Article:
Is this something that would interest you?
Hey, I actually did a proper neon visit for a change. I can see that the photo-only format is pretty popular (I know the internet likes cats, but I had no idea it liked cats this much!), but here are a few words for you.
I love this sign, which although not technically on the sidewalk is visible from it. I love that it’s entirely abstract, and that it’s exuberantly colorful. I especially love it in the context of the dim, grotty loft interior. It’s the perfect beacon to guide you to a wonderful shop.
Kiosk is definitely my favorite shop in SoHo — more like a museum of design where you can buy things. But unlike most such places, the stuff is all very affordable. There are usually a couple of things over $100, but most of the stock is much less and many of the objects are under $20. I picked up two great drinking glasses, only $6 each! I may have to go back for the larger size.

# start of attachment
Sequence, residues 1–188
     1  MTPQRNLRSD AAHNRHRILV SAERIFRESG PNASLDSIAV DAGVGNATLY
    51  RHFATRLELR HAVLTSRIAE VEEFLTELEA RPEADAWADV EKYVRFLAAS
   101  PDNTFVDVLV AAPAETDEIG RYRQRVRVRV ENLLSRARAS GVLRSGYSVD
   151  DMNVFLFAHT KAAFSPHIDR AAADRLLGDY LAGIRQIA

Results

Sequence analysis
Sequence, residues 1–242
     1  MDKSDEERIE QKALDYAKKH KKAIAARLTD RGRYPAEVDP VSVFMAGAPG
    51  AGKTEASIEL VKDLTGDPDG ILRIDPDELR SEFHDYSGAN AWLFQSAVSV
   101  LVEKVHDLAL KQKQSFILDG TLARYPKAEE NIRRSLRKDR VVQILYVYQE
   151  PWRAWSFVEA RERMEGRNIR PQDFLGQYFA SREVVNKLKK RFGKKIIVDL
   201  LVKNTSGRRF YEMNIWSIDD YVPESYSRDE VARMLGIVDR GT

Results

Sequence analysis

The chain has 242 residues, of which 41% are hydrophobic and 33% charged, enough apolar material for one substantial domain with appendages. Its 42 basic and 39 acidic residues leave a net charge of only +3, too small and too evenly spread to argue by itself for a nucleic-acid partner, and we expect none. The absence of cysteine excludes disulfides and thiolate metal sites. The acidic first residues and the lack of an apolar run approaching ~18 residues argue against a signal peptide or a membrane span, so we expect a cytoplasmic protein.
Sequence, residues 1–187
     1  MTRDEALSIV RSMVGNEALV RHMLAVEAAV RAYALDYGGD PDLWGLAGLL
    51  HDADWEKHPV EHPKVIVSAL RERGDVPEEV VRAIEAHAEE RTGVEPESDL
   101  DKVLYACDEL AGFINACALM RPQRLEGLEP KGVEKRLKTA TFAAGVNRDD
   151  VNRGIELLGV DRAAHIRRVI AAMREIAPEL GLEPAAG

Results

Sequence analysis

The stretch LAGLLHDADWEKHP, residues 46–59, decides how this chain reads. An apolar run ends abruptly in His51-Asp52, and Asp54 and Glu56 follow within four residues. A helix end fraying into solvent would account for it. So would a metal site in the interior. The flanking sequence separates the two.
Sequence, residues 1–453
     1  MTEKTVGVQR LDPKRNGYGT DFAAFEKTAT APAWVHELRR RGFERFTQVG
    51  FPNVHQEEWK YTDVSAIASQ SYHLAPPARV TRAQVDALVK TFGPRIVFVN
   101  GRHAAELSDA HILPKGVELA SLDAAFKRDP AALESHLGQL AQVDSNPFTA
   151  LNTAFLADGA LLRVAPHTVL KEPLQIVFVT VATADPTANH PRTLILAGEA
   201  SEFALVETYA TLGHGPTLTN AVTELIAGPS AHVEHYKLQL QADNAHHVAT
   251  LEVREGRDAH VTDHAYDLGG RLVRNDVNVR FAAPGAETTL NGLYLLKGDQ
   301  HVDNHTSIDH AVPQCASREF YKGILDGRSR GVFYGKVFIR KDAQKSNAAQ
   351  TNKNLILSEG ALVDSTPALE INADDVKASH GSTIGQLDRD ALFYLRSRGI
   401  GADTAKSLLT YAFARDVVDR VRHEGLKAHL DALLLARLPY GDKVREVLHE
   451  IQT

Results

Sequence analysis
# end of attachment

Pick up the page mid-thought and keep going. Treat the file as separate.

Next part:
The assortment at Kiosk rotates regularly, and is generally a selection of objects from one particular country, with a few ongoing all-time hits from previous collections.
It sounds like Kiosk won’t be able to hang on in Soho much longer, so visit while you can. Look for the hot pink arrow outside. (I love the way the arrow’s corners turn — you can see it better from the side.)
Look in and the sign below will give you a clue that the graffiti-covered stairs are all part of the plan. There’s more cool neon inside the shop, but I’ll let you discover that for yourself.